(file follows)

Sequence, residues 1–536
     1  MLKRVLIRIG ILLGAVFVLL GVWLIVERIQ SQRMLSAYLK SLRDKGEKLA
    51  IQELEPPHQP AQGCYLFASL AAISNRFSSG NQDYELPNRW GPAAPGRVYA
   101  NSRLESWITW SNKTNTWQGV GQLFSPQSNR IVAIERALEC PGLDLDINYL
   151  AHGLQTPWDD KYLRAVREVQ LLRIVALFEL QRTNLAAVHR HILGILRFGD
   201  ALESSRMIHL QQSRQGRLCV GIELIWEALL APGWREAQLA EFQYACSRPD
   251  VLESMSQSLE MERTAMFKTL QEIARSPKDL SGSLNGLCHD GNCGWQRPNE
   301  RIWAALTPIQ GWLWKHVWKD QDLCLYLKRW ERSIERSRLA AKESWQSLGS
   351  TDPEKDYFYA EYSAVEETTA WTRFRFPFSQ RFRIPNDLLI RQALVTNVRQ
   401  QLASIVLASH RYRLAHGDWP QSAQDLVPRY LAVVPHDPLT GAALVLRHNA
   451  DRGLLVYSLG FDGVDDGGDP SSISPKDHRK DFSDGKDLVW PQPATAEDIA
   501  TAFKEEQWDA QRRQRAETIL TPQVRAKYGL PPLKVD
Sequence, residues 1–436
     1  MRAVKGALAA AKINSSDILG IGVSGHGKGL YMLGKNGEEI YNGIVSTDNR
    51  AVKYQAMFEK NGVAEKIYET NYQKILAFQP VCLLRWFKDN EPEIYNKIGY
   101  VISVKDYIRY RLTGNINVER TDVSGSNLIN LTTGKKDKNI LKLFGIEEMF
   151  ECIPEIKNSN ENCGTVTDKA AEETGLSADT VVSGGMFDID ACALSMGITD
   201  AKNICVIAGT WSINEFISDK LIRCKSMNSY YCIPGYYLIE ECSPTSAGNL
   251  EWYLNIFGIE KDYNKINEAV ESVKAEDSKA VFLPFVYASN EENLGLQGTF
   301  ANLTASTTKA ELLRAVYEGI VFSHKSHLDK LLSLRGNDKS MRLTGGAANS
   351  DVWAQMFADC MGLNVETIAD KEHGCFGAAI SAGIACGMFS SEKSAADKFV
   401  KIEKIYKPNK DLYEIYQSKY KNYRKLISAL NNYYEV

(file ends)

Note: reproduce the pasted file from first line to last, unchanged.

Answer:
Sequence, residues 1–536
     1  MLKRVLIRIG ILLGAVFVLL GVWLIVERIQ SQRMLSAYLK SLRDKGEKLA
    51  IQELEPPHQP AQGCYLFASL AAISNRFSSG NQDYELPNRW GPAAPGRVYA
   101  NSRLESWITW SNKTNTWQGV GQLFSPQSNR IVAIERALEC PGLDLDINYL
   151  AHGLQTPWDD KYLRAVREVQ LLRIVALFEL QRTNLAAVHR HILGILRFGD
   201  ALESSRMIHL QQSRQGRLCV GIELIWEALL APGWREAQLA EFQYACSRPD
   251  VLESMSQSLE MERTAMFKTL QEIARSPKDL SGSLNGLCHD GNCGWQRPNE
   301  RIWAALTPIQ GWLWKHVWKD QDLCLYLKRW ERSIERSRLA AKESWQSLGS
   351  TDPEKDYFYA EYSAVEETTA WTRFRFPFSQ RFRIPNDLLI RQALVTNVRQ
   401  QLASIVLASH RYRLAHGDWP QSAQDLVPRY LAVVPHDPLT GAALVLRHNA
   451  DRGLLVYSLG FDGVDDGGDP SSISPKDHRK DFSDGKDLVW PQPATAEDIA
   501  TAFKEEQWDA QRRQRAETIL TPQVRAKYGL PPLKVD
Sequence, residues 1–436
     1  MRAVKGALAA AKINSSDILG IGVSGHGKGL YMLGKNGEEI YNGIVSTDNR
    51  AVKYQAMFEK NGVAEKIYET NYQKILAFQP VCLLRWFKDN EPEIYNKIGY
   101  VISVKDYIRY RLTGNINVER TDVSGSNLIN LTTGKKDKNI LKLFGIEEMF
   151  ECIPEIKNSN ENCGTVTDKA AEETGLSADT VVSGGMFDID ACALSMGITD
   201  AKNICVIAGT WSINEFISDK LIRCKSMNSY YCIPGYYLIE ECSPTSAGNL
   251  EWYLNIFGIE KDYNKINEAV ESVKAEDSKA VFLPFVYASN EENLGLQGTF
   301  ANLTASTTKA ELLRAVYEGI VFSHKSHLDK LLSLRGNDKS MRLTGGAANS
   351  DVWAQMFADC MGLNVETIAD KEHGCFGAAI SAGIACGMFS SEKSAADKFV
   401  KIEKIYKPNK DLYEIYQSKY KNYRKLISAL NNYYEV